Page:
The third area is with regards to procurement, and trying to ensure that we have procurement reforms.  We — we buy a lot of these babies.  We buy a lot of weapons.  We buy a lot of ships.  And the problem, as you know, is that too often when we go out and try to develop something new, ideas comes in, cost overruns take place, delays take place.  By the time you get the damned thing, you know, the technology has moved on.  We can’t allow that to happen.

You know, we’ve got to buy a weapons system, we have to buy it now.  We’ve got to be able to pay a price for it that we know we’re going to have to pay.  And we have to get it in a time frame where we know we — we’re going to get it, instead of just having it drag on.

I mean, the MRAPs that we developed, the reality was the Defense Department — it’s one of the first things that they went and said, “We need the damned MRAPs.  We need ’em now.”  And we were able to get ’em out now.  That’s what we need to do with other systems as well.

So there are savings to be achieved in procurement, and we do that.

The last area involves compensation.  Compensation has grown at the Defense Department by almost 80 percent.  Now, I’ve made clear — all of us have made clear, we aren’t going to go after benefits for those that are currently serving in the military.  But we are going to have to look at savings in the future.

I mean, for example, on health care, health care — I’ve got a bill of $50 billion that I pay for health care at the Defense Department.  I’ve got to be able to find ways to keep those costs down on health care, and we’re looking at that and making proposals to try to develop some additional fees, for example, in TRICARE.

So, we’re — you know, we’re going to be — we’ve put in place a budget that reflects those areas and savings that I just mentioned.  We’re probably going to have additional savings in the defense budget as time goes on because, as the war costs go — come down — for example, you know, we get a lot of our funds through what’s called OCO funds to pay for the war.  As the wars draw down, we’re probably going to have to pay for some of those areas out of our base budget.  So, there’ll be some additional savings, probably, in those areas.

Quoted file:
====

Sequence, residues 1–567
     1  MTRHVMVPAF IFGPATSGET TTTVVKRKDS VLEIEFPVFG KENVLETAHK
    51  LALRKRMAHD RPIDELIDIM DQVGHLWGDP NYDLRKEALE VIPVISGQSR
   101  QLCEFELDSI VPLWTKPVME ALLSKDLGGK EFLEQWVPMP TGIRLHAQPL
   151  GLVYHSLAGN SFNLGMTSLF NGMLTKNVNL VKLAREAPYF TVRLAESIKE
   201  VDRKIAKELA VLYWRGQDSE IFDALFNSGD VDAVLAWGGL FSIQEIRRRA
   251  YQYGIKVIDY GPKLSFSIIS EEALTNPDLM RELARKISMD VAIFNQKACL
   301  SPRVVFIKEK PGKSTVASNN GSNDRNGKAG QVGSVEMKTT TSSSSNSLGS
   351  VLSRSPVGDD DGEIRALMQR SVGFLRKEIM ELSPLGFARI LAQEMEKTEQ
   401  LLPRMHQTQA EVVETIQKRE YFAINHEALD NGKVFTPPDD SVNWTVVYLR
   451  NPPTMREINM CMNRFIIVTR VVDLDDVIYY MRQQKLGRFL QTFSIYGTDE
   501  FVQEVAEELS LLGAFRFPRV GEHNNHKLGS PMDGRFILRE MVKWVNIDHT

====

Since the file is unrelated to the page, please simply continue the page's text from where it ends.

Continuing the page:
I think we can do this responsibly.  I think we can do this in a way that protects the best defense system in the world, if I — if I can tie it to a strategy, if I can tie it to areas where we think we can achieve legitimate savings.

But if Congress just throws a number at us, like the sequester number, and says, “You’ve got to cut across the board,” that would be the worst way to do it.

Now, I don’t see — I mean, I would like to say to you, “That’s not going to happen.”  And I — deep down, I can’t imagine that they would let that happen.

But you want to know what — what keeps me awake at night, is the prospect that somehow they won’t — they won’t find a solution, and that occurs.  So, that’s what I worry about the most.

 (MODERATOR):  Ladies and gentlemen — (inaudible).

SEC. PANETTA:  We got it?  One more question?

Okay, go ahead.

Q:  (inaudible) Well sir you’ve almost kind of answered it (inaudible)  compensation.  I know — (inaudible) — next three years.  I just don’t see how — (inaudible) — I know it’s expensive, but we still got to take care of them.

SEC. PANETTA:  Yeah.  No — I — but I — I understand that very well.  I mean, the whole — our whole point was, particularly for men and women who are serving now and deployed now, we just don’t — we think we’ve got to, you know, be true to the benefits promised to all of you, in terms of, you know, the — what you receive in terms of — of pay and benefits and health care benefits and what your families receive.  That’s important.

But, you know, for — for example, on TRICARE fees, which haven’t been raised in a hell of a long time, particularly for retirees and retirees at upper grades, you know, those are areas where we got to be able to say — you know, over time it’s been, you know, 30 years since we’ve raised those fees.  You know, you’ve got to at least be able to pay for the cost of health care.

And, you know, I have to tell you, even — on retirement, when — we’re not going to affect anybody’s retirement for those that are on active duty.  What’s been promised to you in — in retirement, we’re going to stand by.

But for future individuals who come into the military, we’ve got to look at ways to try to look at, you know, how can we reform retirement so that it can be more flexible and provide, you know, the kind of adjustments and — and mobility that other retirement systems have.  That’s something, you know, we’re — we’re looking at as well.

So, you know, I — my point is this:  I — I — because compensation has grown by 80 percent, because it now represents a big chunk of the Defense budget, if I don’t deal with that, then I’m going to have to cut readiness, I’m going to have to cut force structure more, and I’m going to have to deal with the kinds of cuts that really impact on defense.  So every area has got to be looked at if I want to do this responsibly, and that’s what I’m trying to do.

All right, everybody.  Have a happy holiday.  And thanks for your service.  Appreciate it.

I’m gonna — we’re going to pass out coins to everybody.  Those coins aren’t worth a hell of a lot, but maybe you can use them to get a drink someplace, okay?